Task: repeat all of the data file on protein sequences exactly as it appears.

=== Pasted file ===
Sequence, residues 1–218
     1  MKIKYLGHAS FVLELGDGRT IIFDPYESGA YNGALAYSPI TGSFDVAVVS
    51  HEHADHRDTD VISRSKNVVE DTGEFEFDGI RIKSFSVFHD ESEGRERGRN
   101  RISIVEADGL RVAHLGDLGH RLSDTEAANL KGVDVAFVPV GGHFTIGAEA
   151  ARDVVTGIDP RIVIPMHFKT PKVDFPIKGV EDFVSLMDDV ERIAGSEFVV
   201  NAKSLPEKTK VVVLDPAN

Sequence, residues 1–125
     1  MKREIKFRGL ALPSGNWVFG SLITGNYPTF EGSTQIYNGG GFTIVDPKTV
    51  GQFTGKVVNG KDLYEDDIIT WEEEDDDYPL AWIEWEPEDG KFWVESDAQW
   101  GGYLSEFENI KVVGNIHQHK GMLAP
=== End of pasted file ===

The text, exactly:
Sequence, residues 1–218
     1  MKIKYLGHAS FVLELGDGRT IIFDPYESGA YNGALAYSPI TGSFDVAVVS
    51  HEHADHRDTD VISRSKNVVE DTGEFEFDGI RIKSFSVFHD ESEGRERGRN
   101  RISIVEADGL RVAHLGDLGH RLSDTEAANL KGVDVAFVPV GGHFTIGAEA
   151  ARDVVTGIDP RIVIPMHFKT PKVDFPIKGV EDFVSLMDDV ERIAGSEFVV
   201  NAKSLPEKTK VVVLDPAN

Sequence, residues 1–125
     1  MKREIKFRGL ALPSGNWVFG SLITGNYPTF EGSTQIYNGG GFTIVDPKTV
    51  GQFTGKVVNG KDLYEDDIIT WEEEDDDYPL AWIEWEPEDG KFWVESDAQW
   101  GGYLSEFENI KVVGNIHQHK GMLAP